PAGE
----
Schieren, M et al. Anaesthetic management of patients with myopathies. European Journal of Anaesthesiology | October 2017 | Volume 34 |Issue 10 | p 641–649
The anaesthetic management of patients with myopathies is challenging. Considering the low incidence and heterogeneity of these disorders, most anaesthetists are unfamiliar with key symptoms, associated co-morbidities and implications for anaesthesia.
The pre-anaesthetic assessment aims at the detection of potentially undiagnosed myopathic patients and, in case of known or suspected muscular disease, on the quantification of disease progression. Ancillary testing (e.g. echocardiography, ECG, lung function testing etc.) is frequently indicated, even at a young patient age.
One must differentiate between myopathies associated with malignant hyperthermia (MH) and those that are not, as this has significant impact on preoperative preparation of the anaesthesia workstation and pharmacologic management. Only few myopathies are clearly associated with MH.
If a regional anaesthetic technique is not possible, total intravenous anaesthesia is considered the safest approach for most patients with myopathies to avoid anaesthesia-associated rhabdomyolysis. However, the use of propofol in patients with mitochondrial myopathies may be problematic, considering the risk for propofol-infusion syndrome. Succinylcholine is contra-indicated in all patients with myopathies.
Following an individual risk/benefit evaluation, the use of volatile anaesthetics in several non-MH-linked myopathies (e.g. myotonic syndromes, mitochondrial myopathies) is considered to be well tolerated. Perioperative monitoring should specifically focus on the cardiopulmonary system, the level of muscular paralysis and core temperature. Given the high risk of respiratory compromise and other postoperative complications, patients need to be closely monitored postoperatively.
The majority of UK hospitals now have a Local Lead for Peri-operative Medicine (n = 115).
They were asked to take part in an online survey to identify provision and practice of pre-operative assessment and optimisation in the UK. We received 86 completed questionnaires (response rate 75%).
Our results demonstrate strengths in provision of shared decision-making clinics. Fifty-seven (65%) had clinics for high-risk surgical patients. However, 80 (93%) expressed a desire for support and training in shared decision-making.
We asked about management of pre-operative anaemia, and identiﬁed that 69 (80%) had a screening process for anaemia, with 72% and 68% having access to oral and intravenous iron therapy, respectively.
A need for peri-operative support in managing frailty and cognitive impairment was identiﬁed, as few (24%) respondents indicated that they had access to speciﬁc interventions.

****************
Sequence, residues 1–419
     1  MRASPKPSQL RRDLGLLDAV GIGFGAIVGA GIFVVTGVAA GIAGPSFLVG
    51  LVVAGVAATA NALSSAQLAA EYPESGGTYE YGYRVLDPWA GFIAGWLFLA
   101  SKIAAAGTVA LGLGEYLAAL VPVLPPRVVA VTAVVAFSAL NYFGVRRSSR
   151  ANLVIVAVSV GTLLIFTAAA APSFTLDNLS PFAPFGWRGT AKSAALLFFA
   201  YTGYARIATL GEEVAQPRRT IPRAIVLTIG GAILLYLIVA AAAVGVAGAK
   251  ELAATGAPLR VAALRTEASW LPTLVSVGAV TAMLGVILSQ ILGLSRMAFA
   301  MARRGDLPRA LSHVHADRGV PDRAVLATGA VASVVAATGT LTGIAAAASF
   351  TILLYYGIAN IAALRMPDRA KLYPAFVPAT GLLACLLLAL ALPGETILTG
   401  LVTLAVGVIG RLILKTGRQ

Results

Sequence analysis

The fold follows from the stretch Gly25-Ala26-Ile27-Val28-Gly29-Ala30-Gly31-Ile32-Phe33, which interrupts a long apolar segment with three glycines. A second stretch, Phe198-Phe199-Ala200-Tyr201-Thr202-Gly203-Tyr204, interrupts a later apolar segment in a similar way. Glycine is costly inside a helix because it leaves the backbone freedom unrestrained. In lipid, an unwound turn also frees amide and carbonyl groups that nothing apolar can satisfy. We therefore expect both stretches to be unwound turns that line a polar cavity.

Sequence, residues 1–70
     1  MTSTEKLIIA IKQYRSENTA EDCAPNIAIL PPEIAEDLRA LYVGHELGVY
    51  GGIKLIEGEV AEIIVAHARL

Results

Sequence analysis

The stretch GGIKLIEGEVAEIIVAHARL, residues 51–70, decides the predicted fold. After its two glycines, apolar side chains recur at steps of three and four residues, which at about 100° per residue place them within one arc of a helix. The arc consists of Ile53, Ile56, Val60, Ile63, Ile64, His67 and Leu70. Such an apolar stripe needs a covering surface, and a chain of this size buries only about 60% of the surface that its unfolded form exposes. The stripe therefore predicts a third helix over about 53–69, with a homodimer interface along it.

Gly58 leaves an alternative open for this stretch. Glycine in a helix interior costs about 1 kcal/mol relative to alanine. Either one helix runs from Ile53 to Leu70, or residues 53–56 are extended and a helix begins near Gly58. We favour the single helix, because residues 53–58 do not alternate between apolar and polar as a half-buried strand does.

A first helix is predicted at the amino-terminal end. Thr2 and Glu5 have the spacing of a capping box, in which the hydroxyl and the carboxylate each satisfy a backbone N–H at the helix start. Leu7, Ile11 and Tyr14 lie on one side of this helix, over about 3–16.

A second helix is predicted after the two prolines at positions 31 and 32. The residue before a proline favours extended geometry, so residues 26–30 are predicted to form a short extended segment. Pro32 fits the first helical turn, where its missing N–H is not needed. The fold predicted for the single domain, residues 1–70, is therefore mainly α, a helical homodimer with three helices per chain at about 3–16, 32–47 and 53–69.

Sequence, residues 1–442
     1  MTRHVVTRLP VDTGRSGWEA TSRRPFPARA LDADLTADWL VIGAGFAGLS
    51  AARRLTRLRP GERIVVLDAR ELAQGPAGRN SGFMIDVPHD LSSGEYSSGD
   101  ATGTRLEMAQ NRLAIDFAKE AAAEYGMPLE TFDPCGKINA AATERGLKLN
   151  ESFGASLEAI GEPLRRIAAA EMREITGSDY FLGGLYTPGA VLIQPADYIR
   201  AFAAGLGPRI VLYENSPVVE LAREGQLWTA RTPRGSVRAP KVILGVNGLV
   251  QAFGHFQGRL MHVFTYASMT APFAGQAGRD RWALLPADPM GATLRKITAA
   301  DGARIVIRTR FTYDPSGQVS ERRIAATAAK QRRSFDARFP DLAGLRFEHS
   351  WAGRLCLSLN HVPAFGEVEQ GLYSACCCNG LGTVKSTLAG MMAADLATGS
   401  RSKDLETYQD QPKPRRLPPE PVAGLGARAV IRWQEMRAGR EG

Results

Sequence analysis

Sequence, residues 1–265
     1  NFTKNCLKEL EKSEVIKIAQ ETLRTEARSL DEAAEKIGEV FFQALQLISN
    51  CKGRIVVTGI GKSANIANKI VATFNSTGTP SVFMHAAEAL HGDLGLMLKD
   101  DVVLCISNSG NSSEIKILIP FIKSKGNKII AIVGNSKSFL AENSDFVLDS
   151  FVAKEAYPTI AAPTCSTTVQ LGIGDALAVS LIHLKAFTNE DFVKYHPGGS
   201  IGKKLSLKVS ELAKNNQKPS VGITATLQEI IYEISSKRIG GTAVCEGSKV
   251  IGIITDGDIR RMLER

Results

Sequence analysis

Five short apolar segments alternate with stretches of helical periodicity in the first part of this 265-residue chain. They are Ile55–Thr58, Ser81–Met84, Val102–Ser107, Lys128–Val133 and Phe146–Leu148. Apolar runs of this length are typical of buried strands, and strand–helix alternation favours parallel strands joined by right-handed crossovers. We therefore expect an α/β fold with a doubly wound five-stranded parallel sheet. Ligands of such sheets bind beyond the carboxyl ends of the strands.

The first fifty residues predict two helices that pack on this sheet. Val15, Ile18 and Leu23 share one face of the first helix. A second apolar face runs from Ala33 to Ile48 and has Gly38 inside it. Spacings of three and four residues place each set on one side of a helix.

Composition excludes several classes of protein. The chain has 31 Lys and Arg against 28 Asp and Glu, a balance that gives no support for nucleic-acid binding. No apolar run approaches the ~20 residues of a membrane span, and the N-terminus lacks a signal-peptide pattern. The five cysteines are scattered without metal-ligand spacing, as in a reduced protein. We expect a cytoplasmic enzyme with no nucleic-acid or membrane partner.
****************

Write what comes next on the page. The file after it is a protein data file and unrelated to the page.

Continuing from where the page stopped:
Respondents were asked to rank their ‘top ﬁve’ priority topics in Peri-operative Medicine from a list of 22. These were: shared decision-making; peri-operative team development; frailty screening and its management; postoperative morbidity prediction ; and primary care collaboration.
We found variation in practice across the UK, and propose to further explore this variation by examining barriers and facilitators to improvement, and highlighting examples of good practice.
Preprocedural assessments are used by anesthesia providers to optimize perioperative care for patients undergoing invasive procedures | Anesthesia & Analgesia
When these assessments are performed in advance by providers who are not caring for the patient during the procedure, there is an additional layer of complexity in ensuring that the workup meets the needs of the primary anesthesia care team. In this study, anesthesia providers were asked to rate the quality of preprocedural assessments prepared by other providers to evaluate anesthesia care team
The overwhelming majority of preprocedural assessments performed at our institution were considered satisfactory or exemplary by day-of-surgery anesthesia providers. This was demonstrated by both the case-by-case ratings and midpoint survey. However, the perceived frequency of “unsatisfactory” evaluations was worse when providers were asked to reflect on the quality of preprocedural evaluations generally versus rate them individually. Analysis of comments left by providers allowed us to identify specific and actionable areas for improvement. This method can be used by other institutions to identify systemic deficiencies in the preprocedural evaluation process.
Heiberg, J. et al. (2016). Anaesthesia. Volume 71(9). pp. 1091–1100
Image shows illustration of transesophageal echocardiography ultrasound diagram
Focused echocardiography is becoming a widely used tool to aid clinical assessment by anaesthetists and critical care physicians. At the present time, most physicians are not yet trained in focused echocardiography or believe that it may result in adverse outcomes by delaying, or otherwise interfering with, time-critical patient management.
We performed a systematic review of electronic databases on the topic of focused echocardiography in anaesthesia and critical care. We found 18 full text articles, which consistently reported that focused echocardiography may be used to identify or exclude previously unrecognised or suspected cardiac abnormalities, resulting in frequent important changes to patient management. However, most of the articles were observational studies with inherent design flaws. Thirteen prospective studies, including two that measured patient outcome, were supportive of focused echocardiography, whereas five retrospective cohort studies, including three outcome studies, did not support focused echocardiography. There is an urgent requirement for randomised controlled trials.